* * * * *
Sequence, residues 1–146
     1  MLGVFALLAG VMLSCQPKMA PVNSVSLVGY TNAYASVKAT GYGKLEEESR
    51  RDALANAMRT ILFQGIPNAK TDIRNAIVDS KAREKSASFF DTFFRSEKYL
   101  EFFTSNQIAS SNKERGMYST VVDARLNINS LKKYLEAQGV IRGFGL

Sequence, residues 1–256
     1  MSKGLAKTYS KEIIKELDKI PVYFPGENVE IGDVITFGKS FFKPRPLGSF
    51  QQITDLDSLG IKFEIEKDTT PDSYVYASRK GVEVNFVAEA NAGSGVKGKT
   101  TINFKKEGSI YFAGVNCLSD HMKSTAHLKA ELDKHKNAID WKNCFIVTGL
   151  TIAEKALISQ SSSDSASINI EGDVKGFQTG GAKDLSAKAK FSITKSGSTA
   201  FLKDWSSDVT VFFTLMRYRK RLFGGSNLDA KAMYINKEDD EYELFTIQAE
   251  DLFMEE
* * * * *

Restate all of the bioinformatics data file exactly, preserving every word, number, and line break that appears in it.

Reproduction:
Sequence, residues 1–146
     1  MLGVFALLAG VMLSCQPKMA PVNSVSLVGY TNAYASVKAT GYGKLEEESR
    51  RDALANAMRT ILFQGIPNAK TDIRNAIVDS KAREKSASFF DTFFRSEKYL
   101  EFFTSNQIAS SNKERGMYST VVDARLNINS LKKYLEAQGV IRGFGL

Sequence, residues 1–256
     1  MSKGLAKTYS KEIIKELDKI PVYFPGENVE IGDVITFGKS FFKPRPLGSF
    51  QQITDLDSLG IKFEIEKDTT PDSYVYASRK GVEVNFVAEA NAGSGVKGKT
   101  TINFKKEGSI YFAGVNCLSD HMKSTAHLKA ELDKHKNAID WKNCFIVTGL
   151  TIAEKALISQ SSSDSASINI EGDVKGFQTG GAKDLSAKAK FSITKSGSTA
   201  FLKDWSSDVT VFFTLMRYRK RLFGGSNLDA KAMYINKEDD EYELFTIQAE
   251  DLFMEE